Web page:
Like most days, with the snow blowing around and around, and the temps falling, I bundle up in my WAY TO HUGE army print winter parka, barn boots, two pairs of pants, and a heavy pair of gloves for morning chores. I carry with me two full, and very oragne 5 gallon buckets of water from the house (we have no outside water…YET) to fill the pigs watering bin. I make it to the door, only being run into once by the dogs today causing water to slosh and spill into one of my boots. (typical) I get to the door, put the buckets down, unlock, open, and step sideways VERY CAREFULLY one bucket at at time to avoid slipping on the ice pack that has formed into a someone terrifying SLIDE. Once I have successfully entered the barn, I can here the peeping of 16 very feisty baby chicks that are growing into our laying hens, and the gentle snoring of pigs.. LOTS of PIGS!! Well, lots by our standards! 15 to be precise! Some are little babies fast approaching 8 weeks old, and will be shuffled off to their waiting farms. One is little Silver Pig, NOT SO LITTLE ANYMORE!! She must be pushing 75 pounds!! The 4 juveniles that will be butchered soon, Neko and Petunia.. Once they hear me put the water buckets down, the wake with BARKS…
Yes, pigs bark, and start to climb out of their nest. Then the SQUEALING BEGINS.. A chorus of noises from the big to the small all in anticipation of breakfast!! I scoop some whole kernel corn and bring it out to their outside pen, and toss it in, so I don’t get TRAMPLED when I climb in to feed them! Some fall for the trick, and start nosing and eating the corn. But Neko knows better!! 😉 She waits so she can get first pick of what trays she will hoard for her breakfast ritual. Which is, Get into a fight with Petunia over what tray has better food, finally succumb that Petunia is bigger, and accept that the second best tray is A-okay. She then tosses piglets out of her way and out of her food tray.. Its quite comical! They play rotating trays, each pig eating out of each tray at least a few times, until they settle in for the remainder of breakfast. The babies darting here and there, trying to stay out of the way of the big pigs, and sneaking bites as often as they can. (luckily they are still nursing, so no worries about them getting enough to eat!)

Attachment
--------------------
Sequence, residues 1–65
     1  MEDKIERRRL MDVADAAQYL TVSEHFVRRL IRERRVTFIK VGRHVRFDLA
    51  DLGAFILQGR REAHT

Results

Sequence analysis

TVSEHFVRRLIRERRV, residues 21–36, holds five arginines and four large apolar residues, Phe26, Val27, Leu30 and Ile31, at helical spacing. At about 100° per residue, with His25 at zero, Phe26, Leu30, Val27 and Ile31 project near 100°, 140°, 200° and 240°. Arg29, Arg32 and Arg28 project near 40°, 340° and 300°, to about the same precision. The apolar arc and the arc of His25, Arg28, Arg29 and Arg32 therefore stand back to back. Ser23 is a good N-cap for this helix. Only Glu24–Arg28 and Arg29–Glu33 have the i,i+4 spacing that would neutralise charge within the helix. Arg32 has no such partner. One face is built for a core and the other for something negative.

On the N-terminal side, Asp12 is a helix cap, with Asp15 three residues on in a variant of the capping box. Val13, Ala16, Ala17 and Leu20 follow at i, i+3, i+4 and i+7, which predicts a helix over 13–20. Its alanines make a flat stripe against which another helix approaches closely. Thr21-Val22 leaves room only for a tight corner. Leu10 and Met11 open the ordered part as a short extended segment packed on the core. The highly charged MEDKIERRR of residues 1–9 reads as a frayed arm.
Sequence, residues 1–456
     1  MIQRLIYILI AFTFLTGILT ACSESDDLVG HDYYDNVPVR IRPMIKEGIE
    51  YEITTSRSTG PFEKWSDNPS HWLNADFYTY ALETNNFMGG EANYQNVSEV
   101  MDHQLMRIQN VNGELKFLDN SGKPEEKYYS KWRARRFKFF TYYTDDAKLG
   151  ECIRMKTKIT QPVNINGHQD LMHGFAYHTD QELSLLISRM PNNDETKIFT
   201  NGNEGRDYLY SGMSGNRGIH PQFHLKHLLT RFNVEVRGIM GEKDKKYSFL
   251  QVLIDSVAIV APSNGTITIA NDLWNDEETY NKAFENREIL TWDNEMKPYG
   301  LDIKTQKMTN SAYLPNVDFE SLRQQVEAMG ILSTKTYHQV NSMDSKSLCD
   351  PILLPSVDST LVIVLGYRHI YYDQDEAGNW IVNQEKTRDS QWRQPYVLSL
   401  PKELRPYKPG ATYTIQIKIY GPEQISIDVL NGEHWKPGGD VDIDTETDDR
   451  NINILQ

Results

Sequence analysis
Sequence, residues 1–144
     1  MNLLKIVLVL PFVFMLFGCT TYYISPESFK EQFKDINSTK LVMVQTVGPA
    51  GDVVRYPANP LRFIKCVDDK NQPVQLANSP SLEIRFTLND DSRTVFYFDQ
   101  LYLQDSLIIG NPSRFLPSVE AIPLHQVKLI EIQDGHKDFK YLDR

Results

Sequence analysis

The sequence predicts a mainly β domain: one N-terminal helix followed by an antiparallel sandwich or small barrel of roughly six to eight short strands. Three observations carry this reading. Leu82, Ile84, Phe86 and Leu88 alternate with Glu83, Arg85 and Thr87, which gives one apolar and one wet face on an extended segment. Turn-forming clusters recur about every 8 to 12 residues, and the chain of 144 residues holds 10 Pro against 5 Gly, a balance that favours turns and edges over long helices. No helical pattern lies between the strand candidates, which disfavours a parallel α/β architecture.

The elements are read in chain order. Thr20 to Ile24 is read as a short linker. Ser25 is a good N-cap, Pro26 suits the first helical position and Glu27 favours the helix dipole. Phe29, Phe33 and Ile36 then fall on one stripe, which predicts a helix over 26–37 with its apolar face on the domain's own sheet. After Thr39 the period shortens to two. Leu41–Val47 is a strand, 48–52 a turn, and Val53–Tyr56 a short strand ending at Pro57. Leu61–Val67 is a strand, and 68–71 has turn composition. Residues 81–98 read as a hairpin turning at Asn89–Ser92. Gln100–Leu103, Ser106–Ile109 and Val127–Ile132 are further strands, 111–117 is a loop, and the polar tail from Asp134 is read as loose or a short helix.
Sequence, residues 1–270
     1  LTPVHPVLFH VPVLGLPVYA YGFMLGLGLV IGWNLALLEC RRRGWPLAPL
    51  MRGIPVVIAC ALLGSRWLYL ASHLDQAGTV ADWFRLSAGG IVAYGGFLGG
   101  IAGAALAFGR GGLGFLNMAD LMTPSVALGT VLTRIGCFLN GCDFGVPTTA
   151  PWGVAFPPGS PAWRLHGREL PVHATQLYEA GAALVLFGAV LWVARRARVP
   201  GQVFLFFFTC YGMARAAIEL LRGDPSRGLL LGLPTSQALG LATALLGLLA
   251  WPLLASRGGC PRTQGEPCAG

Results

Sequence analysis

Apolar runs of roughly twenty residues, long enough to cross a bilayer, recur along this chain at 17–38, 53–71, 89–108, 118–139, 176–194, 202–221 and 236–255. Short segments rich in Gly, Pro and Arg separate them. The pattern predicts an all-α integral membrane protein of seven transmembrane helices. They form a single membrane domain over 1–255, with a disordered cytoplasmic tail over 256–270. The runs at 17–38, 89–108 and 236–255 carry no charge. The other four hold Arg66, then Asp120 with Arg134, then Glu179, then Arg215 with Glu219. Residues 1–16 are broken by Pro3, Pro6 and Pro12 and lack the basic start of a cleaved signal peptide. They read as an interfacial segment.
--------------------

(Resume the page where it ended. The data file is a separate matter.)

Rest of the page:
I then clean and fill their waterer, give them a bit of fresh hay to much on during the rest of the morning, and straw for bedding. It is a life of luxury and happiness!!
Some day I will try to video this dance, I do this twice a day, and today I totally got STEPPED on by Petunia.. Nothing feels better than a 700lb pig planting her full weight on the bony top of your foot, with only your rubber boot in-between her hoof and your skin.
Wait.. I take that back.. I was once stepped on by a full grown cow, and broke my toe.. That was worse!! 🙂
The glamorous life of farming!!! I wouldn’t trade it for the world!!!!
Petunia.. and Andy the rooster.